As South Africa enters a Thuli-less era, Pravin steps into the breach
- Ranjeni Munusamy
- South Africa
- 17 Oct 2016 01:42 (South Africa)
Thuli Madonsela left the office of the Public Protector in dramatic style on Friday with a final media briefing and two court applications preventing her from releasing her much awaited “state capture” report into the dealings of the Gupta family. For seven years, she was the epitome of South Africa’s “protector”. There have been concerns in society about what would happen when Madonsela goes. Finance Minister Pravin Gordhan answered the question. He used South Africa’s court system to break open the Gupta chamber of secrets – a manoeuvre that corners President Jacob Zuma and his friends. By RANJENI MUNUSAMY.
Had the National Prosecuting Authority (NPA) not decided to charge Pravin Gordhan with “fraud” last week, he would in all likelihood have continued with his plans to travel to Goa, India, as part of the South African government delegation attending the BRICS Summit. As it turned out, instead of engaging in discussions with the governments of Brazil, Russia, India and China, Gordhan lodged his explosive affidavit in the Pretoria High Court on Friday. The affidavit, revealed by amaBhungane in Daily Maverick on Saturday, was part of the application seeking a declaratory order that he is “not by law empowered or obliged” to intervene in the relationship with the Gupta companies and the banks that decided to close their accounts.
The court action was probably contemplated for some time, particularly after Mineral Resources Minister Mosebenzi Zwane lied to the nation that Cabinet had resolved that President Jacob Zuma should appoint an inquiry into the closure of the Gupta bank accounts. But Gordhan signed the affidavit on Thursday, October 13, 2016, the day he and his deputy Mcebisi Jonas would have been travelling to India. Early on Friday morning, South African government officials, already in Goa for the summit, were stunned to discover that the finance minister and his deputy had withdrawn from the summit.
The explanation from the National Treasury is that Gordhan pulled out of the trip to prepare for the Medium Term Budget Policy Statement on October 26. But both the BRICS Summit and the Medium Term Budget were scheduled months ago and this would have been factored into National Treasury’s planning.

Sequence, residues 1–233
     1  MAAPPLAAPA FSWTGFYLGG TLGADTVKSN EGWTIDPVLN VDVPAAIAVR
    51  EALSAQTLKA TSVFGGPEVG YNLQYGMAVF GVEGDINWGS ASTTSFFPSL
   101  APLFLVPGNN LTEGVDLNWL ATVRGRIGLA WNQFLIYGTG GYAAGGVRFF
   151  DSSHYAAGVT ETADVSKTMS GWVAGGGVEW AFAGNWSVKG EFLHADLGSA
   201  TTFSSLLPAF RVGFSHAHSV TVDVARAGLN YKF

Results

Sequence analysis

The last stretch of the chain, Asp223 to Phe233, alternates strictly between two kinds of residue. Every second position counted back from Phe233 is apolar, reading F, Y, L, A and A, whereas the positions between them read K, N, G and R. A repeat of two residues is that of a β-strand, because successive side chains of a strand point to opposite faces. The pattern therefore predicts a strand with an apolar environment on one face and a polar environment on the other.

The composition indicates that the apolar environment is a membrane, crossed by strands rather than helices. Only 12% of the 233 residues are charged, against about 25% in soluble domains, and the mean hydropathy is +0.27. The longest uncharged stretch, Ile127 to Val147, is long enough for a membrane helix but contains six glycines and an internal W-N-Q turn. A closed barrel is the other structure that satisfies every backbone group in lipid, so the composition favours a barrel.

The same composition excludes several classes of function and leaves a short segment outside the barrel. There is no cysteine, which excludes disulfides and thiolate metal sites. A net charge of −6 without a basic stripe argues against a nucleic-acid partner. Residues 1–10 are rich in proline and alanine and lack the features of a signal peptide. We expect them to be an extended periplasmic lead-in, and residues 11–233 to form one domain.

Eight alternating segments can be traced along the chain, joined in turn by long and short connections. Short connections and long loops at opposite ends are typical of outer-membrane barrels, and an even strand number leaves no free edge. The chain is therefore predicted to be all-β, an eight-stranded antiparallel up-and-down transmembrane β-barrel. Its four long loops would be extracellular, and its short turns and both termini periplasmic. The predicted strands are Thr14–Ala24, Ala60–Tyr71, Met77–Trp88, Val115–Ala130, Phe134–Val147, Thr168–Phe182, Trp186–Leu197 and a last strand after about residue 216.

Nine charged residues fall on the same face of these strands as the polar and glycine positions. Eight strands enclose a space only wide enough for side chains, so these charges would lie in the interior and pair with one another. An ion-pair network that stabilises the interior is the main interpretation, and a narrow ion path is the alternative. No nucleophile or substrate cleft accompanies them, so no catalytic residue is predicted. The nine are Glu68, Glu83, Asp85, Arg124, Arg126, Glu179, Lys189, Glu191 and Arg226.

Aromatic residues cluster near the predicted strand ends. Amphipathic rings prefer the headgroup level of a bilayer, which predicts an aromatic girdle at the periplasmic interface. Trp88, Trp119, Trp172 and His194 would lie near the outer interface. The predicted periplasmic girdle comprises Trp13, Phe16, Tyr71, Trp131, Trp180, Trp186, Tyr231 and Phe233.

Gordhan obviously did not want to participate in the farce of accompanying Zuma on the trip when the president was aware that he was to be served with a summons by NPA and allowed the chips to fall. Gordhan therefore decided to attack those behind the move to have him charged and then removed from his job or forced into resigning because of the case pending against him.
The application for a declaratory order was something of a masterstroke.
Ever since it was announced in April that Standard Bank, ABSA, First National Bank and Nedbank decided to close the Guptas’ company accounts, the media has tried to find out what prompted the unprecedented move. The Guptas were raising hell and making heady accusations about the reasons for the decision by the banks, including that they were victims of an “anti-competitive and politically-motivated campaign”. Gordhan reveals in his application how he was hounded by Oakbay CEO Nazeem Howa to intervene and force the banks to reopen the accounts.
The Guptas used their connections in government, as they have become accustomed to doing, to pressure the banks, to the point of threatening them with an inquiry appointed by the president. Still the banks could not respond to them and declined all attempts by journalists to access information about the Guptas, saying they had to protect their clients’ confidentiality.
Buoyed by the flood of support since being summonsed by the NPA to appear in court on November 2, Gordhan lodged his application for a declaratory order on Friday – a move that blew the lid off “suspicious and unusual transactions” to the value of R6.8 billion. By citing the four banks, the Governor of the South African Reserve Bank, the Registrar of Banks and the Director of the Financial Intelligence Centre (FIC) as respondents, Gordhan opened the door for all of them to provide the court with information in their possession about suspicious transactions of the Guptas. A certificate issued by the FIC details the litany of suspicious transactions and movement of money to and from the Guptas accounts.
Those who oppose the application have 15 days to lodge answering affidavits. It will be interesting to see how the Guptas explain the transactions and clarify why they had not opted to take the banks to court to challenge the closure of their accounts, as Gordhan had advised them to do several times.
While the Guptas must respond legally to the application, there are no doubt furious to be caught off guard and all their dodgy dealings made public. They are likely to retaliate by trying to get Zuma to act against Gordhan.